When watching/reading 13 Reasons Why, I overwhelmingly got the impression that people with depression or those contemplating suicide were not at all the intended audience for either work. That doesn’t mean they aren’t going to interact with it (I certainly did), but it is something to bear in mind. I think the works are great for the people they were intended for – people who are trying to understand what it feels like to want to give up on life and where those thoughts come from. I also think it can make a lot of people reexamine their behavior and realize how something they perceive as small or inconsequential can be very hurtful to someone with poor mental health.Young people in particular have a tendency to mock others who are asking for help. If someone says they are contemplating suicide, typical reactions are, “you won’t do it,” “you just want the attention,” “you don’t have it that bad,” “you don’t really mean that.” Or, even worse, “do it.” While I don’t think that one show on Netflix is going to rid the internet of comments telling people to kill themselves or that kids are suddenly going to be able to fully understand their peers as complex individuals, I think it is striking enough that it will give people a moment’s pause before they say something awful. The portrayal of Hannah’s suicide and her parents finding her body are so jarring that I think it can make a difference. Just like it can take having a homosexual friend to make kids aware of how damaging it is to use gay as an insult, I think seeing even a fictional character in that much pain can drive home to kids what it means to be depressed and make them more aware of the weight of their words.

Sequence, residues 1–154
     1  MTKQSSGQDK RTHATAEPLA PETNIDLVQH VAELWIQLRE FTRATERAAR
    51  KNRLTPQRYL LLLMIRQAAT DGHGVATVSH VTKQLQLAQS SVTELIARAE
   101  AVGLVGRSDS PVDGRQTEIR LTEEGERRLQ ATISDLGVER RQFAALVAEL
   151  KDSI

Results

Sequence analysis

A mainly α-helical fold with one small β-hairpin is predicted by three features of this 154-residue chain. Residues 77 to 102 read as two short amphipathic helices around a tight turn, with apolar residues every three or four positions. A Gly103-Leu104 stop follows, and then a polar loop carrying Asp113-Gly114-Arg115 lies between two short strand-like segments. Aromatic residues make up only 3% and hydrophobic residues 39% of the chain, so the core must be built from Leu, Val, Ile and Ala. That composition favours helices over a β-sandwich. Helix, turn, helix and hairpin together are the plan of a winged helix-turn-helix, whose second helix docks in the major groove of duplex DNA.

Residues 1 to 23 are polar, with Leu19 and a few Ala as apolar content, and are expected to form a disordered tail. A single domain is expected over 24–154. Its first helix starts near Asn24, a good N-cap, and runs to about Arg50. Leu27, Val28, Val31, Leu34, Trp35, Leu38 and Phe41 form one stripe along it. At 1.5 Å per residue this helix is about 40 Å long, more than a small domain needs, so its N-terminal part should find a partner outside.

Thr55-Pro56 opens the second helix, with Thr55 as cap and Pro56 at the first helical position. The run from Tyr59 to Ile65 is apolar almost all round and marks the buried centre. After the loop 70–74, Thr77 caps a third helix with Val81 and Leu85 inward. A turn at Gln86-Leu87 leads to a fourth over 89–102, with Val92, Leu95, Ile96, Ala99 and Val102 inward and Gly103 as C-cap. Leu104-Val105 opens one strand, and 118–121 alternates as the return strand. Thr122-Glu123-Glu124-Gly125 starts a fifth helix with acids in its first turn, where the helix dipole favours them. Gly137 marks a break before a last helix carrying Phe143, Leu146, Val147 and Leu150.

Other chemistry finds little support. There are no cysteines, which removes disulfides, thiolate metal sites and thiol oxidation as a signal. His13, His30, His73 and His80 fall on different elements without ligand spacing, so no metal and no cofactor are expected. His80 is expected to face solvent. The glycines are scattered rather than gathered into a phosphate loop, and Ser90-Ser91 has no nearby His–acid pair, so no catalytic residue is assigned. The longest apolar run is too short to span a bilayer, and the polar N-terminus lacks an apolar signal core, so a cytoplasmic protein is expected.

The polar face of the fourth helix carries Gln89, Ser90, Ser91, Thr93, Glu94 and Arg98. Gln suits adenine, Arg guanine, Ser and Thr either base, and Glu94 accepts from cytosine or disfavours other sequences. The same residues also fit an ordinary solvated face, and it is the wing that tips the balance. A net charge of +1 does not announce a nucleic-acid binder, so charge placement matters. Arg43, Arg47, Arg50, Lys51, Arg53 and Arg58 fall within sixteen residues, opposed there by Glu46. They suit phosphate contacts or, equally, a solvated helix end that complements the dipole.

3. Vindication